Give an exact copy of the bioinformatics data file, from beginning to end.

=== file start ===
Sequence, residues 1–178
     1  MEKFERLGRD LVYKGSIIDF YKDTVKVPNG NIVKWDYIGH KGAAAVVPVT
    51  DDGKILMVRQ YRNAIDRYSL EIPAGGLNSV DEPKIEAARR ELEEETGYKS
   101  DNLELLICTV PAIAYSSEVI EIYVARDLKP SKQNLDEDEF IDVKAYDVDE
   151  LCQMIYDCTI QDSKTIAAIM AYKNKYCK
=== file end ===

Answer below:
Sequence, residues 1–178
     1  MEKFERLGRD LVYKGSIIDF YKDTVKVPNG NIVKWDYIGH KGAAAVVPVT
    51  DDGKILMVRQ YRNAIDRYSL EIPAGGLNSV DEPKIEAARR ELEEETGYKS
   101  DNLELLICTV PAIAYSSEVI EIYVARDLKP SKQNLDEDEF IDVKAYDVDE
   151  LCQMIYDCTI QDSKTIAAIM AYKNKYCK